When then-US President Barack Obama met with island leaders in 2016, he noted “we could not have gotten a Paris Agreement without the incredible efforts and hard work of island nations”.
The High Ambition Coalition secured a shared temperature goal in the Paris Agreement, for countries to limit global warming to 1.5℃ above the long-term average. This was no arbitrary figure.
Scientific assessments have clarified 1.5℃ warming is a key threshold for the survival of vulnerable Pacific Island states and the ecosystems they depend on, such as coral reefs.
De Brum took a powerful slogan to Paris: “1.5 to stay alive”.
The Glasgow summit is the last chance to keep 1.5℃ of warming within reach. But Australia – almost alone among advanced economies – is taking to Glasgow the same 2030 target it took to Paris six years ago. This is despite the Paris Agreement requirement that nations ratchet up their emissions-reduction ambition every five years.
Australia is the largest member of the Pacific Islands Forum (an intergovernmental group that aims to promote the interests of countries and territories in the Pacific). But it’s also a major fossil fuel producer, putting it at odds with other Pacific countries on climate.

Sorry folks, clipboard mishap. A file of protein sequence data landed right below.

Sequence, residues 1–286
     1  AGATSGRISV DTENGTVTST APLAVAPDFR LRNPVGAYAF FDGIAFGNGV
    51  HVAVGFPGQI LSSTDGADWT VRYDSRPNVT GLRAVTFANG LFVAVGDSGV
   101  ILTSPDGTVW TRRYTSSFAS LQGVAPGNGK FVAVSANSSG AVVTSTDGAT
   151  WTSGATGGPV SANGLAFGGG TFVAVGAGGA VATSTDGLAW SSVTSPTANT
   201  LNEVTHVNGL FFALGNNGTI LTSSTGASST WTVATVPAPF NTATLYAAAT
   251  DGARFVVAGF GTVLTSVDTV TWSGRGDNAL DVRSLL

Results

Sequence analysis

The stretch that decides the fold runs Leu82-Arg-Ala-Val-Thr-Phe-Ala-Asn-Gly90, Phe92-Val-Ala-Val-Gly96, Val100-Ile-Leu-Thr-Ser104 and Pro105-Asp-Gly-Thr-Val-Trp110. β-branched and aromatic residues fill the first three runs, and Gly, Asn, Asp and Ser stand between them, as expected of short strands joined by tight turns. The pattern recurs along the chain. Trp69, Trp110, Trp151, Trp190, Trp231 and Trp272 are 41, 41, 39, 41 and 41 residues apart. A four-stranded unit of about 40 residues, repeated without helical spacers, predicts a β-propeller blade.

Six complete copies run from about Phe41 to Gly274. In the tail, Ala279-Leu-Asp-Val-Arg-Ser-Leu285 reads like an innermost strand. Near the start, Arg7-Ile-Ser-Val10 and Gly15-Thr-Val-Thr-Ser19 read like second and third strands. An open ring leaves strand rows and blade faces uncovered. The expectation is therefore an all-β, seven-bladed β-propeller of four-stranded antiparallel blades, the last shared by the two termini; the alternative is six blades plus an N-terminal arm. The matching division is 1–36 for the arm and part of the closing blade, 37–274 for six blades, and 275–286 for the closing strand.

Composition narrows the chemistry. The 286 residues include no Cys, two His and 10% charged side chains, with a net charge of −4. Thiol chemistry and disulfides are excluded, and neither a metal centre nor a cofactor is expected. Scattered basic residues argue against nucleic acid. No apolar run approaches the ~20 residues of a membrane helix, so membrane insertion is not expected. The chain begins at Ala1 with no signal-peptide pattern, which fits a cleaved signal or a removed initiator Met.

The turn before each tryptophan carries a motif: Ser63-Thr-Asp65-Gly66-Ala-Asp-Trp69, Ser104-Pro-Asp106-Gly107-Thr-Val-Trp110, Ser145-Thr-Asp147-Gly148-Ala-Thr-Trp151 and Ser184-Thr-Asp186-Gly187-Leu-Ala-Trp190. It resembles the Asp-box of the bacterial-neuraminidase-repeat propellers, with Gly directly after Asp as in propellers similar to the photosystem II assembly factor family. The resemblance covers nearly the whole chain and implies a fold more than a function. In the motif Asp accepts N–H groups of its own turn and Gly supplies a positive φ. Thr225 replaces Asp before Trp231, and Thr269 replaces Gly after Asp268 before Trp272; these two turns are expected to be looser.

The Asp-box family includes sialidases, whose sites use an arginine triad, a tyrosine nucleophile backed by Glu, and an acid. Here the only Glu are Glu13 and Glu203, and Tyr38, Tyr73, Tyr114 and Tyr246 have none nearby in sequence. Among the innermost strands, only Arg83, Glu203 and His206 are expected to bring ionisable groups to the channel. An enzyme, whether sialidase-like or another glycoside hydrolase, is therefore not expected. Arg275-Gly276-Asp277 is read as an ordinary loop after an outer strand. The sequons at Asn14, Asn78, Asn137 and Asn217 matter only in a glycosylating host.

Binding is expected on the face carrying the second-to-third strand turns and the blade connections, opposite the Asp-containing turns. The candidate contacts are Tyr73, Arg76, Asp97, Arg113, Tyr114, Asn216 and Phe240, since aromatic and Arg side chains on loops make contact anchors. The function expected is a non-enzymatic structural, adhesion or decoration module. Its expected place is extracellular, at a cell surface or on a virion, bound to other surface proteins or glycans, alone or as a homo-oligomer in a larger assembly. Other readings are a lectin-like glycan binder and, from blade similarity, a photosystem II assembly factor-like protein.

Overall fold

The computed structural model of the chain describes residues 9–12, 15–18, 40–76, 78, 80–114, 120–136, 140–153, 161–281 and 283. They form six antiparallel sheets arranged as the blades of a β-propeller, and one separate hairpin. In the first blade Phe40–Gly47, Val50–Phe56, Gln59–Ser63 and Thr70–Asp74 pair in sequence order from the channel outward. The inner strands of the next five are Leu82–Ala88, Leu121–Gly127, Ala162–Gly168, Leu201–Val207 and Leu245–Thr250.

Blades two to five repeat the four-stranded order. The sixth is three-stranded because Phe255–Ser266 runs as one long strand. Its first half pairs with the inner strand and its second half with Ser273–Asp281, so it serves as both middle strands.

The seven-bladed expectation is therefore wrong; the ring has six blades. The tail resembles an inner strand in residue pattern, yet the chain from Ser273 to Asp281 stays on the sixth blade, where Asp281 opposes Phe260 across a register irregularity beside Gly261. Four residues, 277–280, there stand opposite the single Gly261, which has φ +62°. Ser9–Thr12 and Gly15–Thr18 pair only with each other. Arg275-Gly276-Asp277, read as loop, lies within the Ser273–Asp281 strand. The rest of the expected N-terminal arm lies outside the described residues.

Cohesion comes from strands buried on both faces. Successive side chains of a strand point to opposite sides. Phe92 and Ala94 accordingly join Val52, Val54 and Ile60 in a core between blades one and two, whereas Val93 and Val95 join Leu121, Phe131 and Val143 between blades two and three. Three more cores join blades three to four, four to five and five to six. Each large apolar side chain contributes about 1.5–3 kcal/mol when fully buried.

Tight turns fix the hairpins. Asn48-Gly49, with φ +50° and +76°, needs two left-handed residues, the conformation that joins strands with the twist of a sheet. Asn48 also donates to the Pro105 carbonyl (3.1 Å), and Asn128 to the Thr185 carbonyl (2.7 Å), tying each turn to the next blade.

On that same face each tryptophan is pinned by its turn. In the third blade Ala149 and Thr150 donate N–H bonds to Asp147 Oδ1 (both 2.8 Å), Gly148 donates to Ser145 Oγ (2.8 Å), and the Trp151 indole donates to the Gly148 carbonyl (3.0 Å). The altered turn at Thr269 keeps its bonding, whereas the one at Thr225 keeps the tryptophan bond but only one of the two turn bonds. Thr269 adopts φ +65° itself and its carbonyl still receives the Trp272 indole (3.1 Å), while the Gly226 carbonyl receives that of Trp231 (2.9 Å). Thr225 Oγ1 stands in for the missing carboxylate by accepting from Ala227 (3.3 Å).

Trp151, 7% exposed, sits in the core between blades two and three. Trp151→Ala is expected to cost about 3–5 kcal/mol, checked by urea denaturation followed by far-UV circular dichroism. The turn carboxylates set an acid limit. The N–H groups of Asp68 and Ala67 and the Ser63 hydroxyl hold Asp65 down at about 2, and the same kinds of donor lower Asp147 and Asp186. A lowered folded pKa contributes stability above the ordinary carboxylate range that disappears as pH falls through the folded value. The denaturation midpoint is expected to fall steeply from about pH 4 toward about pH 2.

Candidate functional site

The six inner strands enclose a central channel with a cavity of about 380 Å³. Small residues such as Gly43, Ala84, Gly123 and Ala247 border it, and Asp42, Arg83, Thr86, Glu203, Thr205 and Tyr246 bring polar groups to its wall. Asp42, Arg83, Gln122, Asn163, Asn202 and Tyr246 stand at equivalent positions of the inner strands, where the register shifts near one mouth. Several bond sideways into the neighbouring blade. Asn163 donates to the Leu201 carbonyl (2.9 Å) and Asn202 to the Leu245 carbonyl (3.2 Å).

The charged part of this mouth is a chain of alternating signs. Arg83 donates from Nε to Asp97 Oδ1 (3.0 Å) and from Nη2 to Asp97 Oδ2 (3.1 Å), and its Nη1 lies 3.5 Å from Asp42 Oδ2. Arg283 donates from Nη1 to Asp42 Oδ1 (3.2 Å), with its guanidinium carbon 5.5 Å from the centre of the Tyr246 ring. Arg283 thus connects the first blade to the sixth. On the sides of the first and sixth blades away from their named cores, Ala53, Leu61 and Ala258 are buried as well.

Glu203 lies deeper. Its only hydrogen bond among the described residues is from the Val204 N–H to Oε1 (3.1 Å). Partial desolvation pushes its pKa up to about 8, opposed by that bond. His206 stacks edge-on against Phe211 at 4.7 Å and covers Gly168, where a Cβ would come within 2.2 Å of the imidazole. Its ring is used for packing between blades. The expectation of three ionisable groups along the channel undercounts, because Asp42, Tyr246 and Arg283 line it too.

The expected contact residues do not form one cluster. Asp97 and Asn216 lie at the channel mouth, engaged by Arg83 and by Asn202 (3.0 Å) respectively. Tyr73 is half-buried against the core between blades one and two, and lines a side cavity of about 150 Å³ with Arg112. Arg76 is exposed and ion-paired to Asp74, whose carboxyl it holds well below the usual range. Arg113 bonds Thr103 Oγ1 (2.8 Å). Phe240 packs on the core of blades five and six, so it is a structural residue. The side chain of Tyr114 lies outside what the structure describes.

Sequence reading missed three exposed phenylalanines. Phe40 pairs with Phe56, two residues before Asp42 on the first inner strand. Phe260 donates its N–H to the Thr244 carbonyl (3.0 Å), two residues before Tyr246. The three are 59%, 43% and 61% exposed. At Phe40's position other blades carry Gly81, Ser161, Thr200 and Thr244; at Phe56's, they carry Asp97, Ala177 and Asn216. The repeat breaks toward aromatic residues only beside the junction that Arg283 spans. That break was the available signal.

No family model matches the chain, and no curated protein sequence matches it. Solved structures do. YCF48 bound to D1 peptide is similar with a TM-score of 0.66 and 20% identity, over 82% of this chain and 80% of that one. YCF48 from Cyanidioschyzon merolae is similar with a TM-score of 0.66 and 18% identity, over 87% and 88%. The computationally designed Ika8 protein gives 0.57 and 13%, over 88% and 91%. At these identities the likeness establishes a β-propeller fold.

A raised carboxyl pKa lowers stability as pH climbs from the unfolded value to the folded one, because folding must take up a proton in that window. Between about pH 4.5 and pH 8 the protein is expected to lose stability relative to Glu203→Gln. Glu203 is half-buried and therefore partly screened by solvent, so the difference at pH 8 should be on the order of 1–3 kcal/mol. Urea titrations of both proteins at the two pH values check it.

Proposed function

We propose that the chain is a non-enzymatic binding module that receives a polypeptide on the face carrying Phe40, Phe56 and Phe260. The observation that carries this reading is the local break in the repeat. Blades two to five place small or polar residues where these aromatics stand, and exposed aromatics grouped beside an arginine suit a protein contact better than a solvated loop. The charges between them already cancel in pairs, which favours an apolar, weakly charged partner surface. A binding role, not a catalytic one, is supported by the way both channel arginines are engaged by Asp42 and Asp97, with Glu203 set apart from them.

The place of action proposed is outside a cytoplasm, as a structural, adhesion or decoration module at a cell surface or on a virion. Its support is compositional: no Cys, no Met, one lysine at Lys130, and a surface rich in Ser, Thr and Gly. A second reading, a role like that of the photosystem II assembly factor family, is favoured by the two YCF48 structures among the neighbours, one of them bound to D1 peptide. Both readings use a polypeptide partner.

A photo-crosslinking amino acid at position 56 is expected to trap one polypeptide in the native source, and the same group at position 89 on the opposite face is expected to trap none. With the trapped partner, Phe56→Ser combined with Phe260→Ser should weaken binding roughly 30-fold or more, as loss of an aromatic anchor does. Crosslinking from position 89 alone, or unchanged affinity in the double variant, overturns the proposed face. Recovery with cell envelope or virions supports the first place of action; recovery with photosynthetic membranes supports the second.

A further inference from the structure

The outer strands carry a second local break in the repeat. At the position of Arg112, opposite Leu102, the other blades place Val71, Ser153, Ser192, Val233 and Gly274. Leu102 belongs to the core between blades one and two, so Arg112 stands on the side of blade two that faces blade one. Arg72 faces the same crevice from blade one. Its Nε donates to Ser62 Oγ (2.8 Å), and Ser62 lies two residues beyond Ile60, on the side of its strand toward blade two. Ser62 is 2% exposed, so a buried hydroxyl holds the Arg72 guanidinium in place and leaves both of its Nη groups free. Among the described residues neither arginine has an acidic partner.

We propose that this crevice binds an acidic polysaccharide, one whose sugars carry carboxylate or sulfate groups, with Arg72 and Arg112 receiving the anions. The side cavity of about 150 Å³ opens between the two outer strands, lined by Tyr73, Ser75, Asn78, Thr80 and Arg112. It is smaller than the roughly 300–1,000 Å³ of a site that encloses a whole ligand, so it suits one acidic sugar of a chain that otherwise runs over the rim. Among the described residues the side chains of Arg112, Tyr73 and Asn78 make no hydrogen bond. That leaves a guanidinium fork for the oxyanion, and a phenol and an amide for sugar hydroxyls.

When Australia announced its 2030 target, De Brum said if the rest of the world followed suit:
the Great Barrier Reef would disappear […] so would the Marshall Islands and other vulnerable nations.
Influence at Glasgow
So what can we expect from Pacific leaders at the Glasgow summit? The signs so far suggest they will demand COP26 deliver an outcome to once and for all limit global warming to 1.5℃.
At pre-COP discussions in Milan earlier this month, vulnerable nations proposed countries be required to set new 2030 targets each year until 2025 – a move intended to bring global ambition into alignment with a 1.5℃ pathway.
COP26 president Alok Sharma says he wants the decision text from the summit to include a new agreement to keep 1.5℃ within reach.
This sets the stage for a showdown. Major powers like the US and the EU are set to work with large negotiating blocs, like the High Ambition Coalition, to heap pressure on major emitters that have yet to commit to serious 2030 ambition – including China, India, Saudi Arabia, Mexico and Australia.
The chair of the Pacific Islands Forum, Fiji’s Prime Minister Frank Bainimarama, has warned Pacific island countries “refuse to be the canary in the world’s coal mine.”
According to Bainimarama:
by the time leaders come to Glasgow, it has to be with immediate and transformative action […] come with commitments for serious cuts in emissions by 2030 – 50% or more. Come with commitments to become net-zero before 2050. Do not come with excuses. That time is past.
Dr Wesley Morgan is an Adjunct Research Fellow at Griffith Asia Institute and researcher at the Pacific Hub.
This article first appeared at The Conversation.